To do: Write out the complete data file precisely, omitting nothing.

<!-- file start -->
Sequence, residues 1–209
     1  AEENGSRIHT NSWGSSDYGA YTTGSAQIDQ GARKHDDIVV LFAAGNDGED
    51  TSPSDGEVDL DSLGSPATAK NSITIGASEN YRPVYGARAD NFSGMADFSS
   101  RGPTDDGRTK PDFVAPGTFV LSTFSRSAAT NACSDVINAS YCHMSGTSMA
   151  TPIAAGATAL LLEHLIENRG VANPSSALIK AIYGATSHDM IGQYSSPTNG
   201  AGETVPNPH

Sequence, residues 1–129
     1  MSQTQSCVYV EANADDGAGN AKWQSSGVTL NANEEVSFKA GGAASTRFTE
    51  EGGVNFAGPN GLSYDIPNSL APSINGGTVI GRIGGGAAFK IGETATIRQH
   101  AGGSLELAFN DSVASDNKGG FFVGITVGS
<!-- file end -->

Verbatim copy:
Sequence, residues 1–209
     1  AEENGSRIHT NSWGSSDYGA YTTGSAQIDQ GARKHDDIVV LFAAGNDGED
    51  TSPSDGEVDL DSLGSPATAK NSITIGASEN YRPVYGARAD NFSGMADFSS
   101  RGPTDDGRTK PDFVAPGTFV LSTFSRSAAT NACSDVINAS YCHMSGTSMA
   151  TPIAAGATAL LLEHLIENRG VANPSSALIK AIYGATSHDM IGQYSSPTNG
   201  AGETVPNPH

Sequence, residues 1–129
     1  MSQTQSCVYV EANADDGAGN AKWQSSGVTL NANEEVSFKA GGAASTRFTE
    51  EGGVNFAGPN GLSYDIPNSL APSINGGTVI GRIGGGAAFK IGETATIRQH
   101  AGGSLELAFN DSVASDNKGG FFVGITVGS